It is believed that short grasses first came to be favored by early settlers due to their ability to see potential enemies from afar.  Others believe it was the influence of the great British estates and their manicured lawns and gardens which well-to-do early Americans were attempting to mimic, and then the idea spread to the middle class and the working class and so on…and soon the sprawling green carpet of the estate was shrunk down and applied to every little postage stamp sized patch in the country.  For whatever reason, we Americans have embraced the lawn, and all of the laborious maintenance that comes with it.

Well, I’m here to stand up and declare my freedom from the lawn.  We’ve begun eliminating our grass, one island of garden at a time.  We have the wildflower meadow area (which is just what popped up naturally when we stopped mowing on the Northern side of our property and it’s quite pretty), we have the woodland gardens with delicate native wild geranium, periwinkle and lily of the valley mingling with mushrooms, ferns and wild leeks.  We have the shade garden, where columbines and bleeding hearts glow their brillant colors out from under the cool shelter of trees.  We have the herb garden.  We have the vegetable garden.  And soon we’ll have more.  Our goal is to eliminate as much lawn from our nearly two acres as possible, so that mowing will be a cinch (instead of a day-long project requiring a lawn tractor and several tall glasses of mint iced tea a couple of times per week).  And instead of a lawn—which, let’s face it, is a greedy mistress who just takes and takes—we are surrounding ourselves with beauty and reaping the bounty, in the form of fresh cut flowers, cheerful color, brilliant butterflies, singing birds, leaping bunnies and graceful deer, not to mention fragrant herbs and the juiciest of fresh vegetables.  Most importantly, we’ll no longer be slaves to the call of the machines—the buzz and roar of all those lawn mowers and trimmers and blowers that begins at dawn every weekend, and carried out by the weekend warriors.  And my yard will be one less polluting patch in a greener (not grassier) world.

Care to come along?

May 23, 2009–Today’s Way: Water is our most precious resource, yet so few of us stop to consider where it comes from when it flows so easily from our faucets, or where it goes when it swirls out of our lives through the drain.  For so many people on the planet, fresh water doesn’t come easily, and it is not taken for granted.  For those who grow up with indoor plumbing and abundant, fresh water is freely flowing just about everywhere, it’s easy to overlook it, but it’s important to overcome our wasteful ways.  It’s just so simple: when you turn on a faucet, don’t leave water running unnecessarily.  Use whatever water you need, then turn the faucet off if you need to go get the lettuce out of the fridge, or while you’re brushing your teeth, or even as you’re soaping up your hands.  Just being a bit more mindful of your daily water usage will save you both money and precious fresh water.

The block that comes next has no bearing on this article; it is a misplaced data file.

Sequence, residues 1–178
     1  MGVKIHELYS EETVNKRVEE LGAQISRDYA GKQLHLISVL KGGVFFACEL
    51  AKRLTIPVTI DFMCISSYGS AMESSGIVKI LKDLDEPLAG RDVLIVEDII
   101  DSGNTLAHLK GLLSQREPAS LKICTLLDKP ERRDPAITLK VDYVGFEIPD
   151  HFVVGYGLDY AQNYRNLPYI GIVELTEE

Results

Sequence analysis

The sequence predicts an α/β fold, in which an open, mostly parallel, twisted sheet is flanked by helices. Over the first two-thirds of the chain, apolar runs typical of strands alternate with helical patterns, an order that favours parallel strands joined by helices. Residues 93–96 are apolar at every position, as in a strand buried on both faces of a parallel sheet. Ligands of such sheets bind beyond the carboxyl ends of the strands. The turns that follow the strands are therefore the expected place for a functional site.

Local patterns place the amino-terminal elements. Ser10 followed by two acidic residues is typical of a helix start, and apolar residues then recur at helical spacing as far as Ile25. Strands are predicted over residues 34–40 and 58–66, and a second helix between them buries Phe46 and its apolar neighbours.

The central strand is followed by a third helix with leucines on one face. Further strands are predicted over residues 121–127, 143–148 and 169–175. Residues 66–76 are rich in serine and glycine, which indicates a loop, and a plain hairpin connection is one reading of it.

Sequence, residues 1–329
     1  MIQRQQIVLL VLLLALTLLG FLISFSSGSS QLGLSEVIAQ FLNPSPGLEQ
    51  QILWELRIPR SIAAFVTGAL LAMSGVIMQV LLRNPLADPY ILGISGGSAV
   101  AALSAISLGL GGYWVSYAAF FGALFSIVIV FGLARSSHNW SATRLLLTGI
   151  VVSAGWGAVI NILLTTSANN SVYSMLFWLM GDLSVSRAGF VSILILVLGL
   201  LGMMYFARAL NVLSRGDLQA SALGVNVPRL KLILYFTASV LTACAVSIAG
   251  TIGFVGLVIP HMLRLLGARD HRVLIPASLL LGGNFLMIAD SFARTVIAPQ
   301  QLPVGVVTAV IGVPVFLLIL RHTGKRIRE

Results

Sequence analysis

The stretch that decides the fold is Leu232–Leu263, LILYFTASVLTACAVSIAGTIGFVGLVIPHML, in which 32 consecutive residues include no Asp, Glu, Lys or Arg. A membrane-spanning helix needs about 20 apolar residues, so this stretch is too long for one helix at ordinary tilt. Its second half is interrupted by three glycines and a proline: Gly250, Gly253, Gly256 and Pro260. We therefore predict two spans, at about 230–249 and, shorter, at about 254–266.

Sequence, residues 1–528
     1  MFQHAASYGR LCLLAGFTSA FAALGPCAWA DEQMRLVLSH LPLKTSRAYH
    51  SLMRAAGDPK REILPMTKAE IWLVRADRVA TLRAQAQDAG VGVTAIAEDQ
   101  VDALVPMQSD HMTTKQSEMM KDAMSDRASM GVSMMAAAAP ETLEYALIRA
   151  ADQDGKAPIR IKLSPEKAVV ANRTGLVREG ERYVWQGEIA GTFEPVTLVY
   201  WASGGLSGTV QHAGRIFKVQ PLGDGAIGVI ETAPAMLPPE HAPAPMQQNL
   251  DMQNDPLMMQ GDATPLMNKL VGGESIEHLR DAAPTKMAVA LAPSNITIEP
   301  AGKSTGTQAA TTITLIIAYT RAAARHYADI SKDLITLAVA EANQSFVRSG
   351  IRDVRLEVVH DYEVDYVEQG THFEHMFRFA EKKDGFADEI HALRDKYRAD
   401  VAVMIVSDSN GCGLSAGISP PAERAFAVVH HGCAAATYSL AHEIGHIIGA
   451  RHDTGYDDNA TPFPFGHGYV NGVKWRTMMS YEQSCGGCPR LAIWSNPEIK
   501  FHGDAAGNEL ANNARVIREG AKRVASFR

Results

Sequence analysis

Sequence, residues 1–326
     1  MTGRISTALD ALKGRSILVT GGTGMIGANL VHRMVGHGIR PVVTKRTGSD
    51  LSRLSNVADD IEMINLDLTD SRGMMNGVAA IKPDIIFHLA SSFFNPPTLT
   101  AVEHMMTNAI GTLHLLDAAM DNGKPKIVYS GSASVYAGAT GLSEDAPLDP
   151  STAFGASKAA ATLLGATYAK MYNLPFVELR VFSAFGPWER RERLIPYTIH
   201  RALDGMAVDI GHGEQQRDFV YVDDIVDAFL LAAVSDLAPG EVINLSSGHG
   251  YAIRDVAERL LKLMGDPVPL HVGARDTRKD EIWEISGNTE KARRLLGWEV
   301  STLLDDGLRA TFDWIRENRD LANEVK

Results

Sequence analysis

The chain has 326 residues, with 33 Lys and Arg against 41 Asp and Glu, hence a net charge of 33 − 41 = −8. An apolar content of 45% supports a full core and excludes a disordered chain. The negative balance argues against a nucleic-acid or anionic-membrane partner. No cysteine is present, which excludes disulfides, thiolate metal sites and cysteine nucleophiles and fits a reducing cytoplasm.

May 22, 2009–Today’s Way: Of the total number of trees cut in the United States each year, about half of them are ultimately destined to become paper, or the equivalent of 12,000 square MILES of trees cut every year.  While some of those trees are planted specifically for that purpose, many are not, and old growth forests are clearcut in managed national and state forests around our country.  Clearcutting is a disruptive, devastating practice of indiscriminate leveling of every tree in a woodland, taking with it crucial wildlife habitat and destabilizing hillsides and wetlands, not to mention annihilating trees which help to keep our air and water clean as well as combating the effects of global warming.  And while recycling of paper has never been more popular, there is still a high environmental cost for every finished leaf of paper, whether consisting of recycled or virgin content.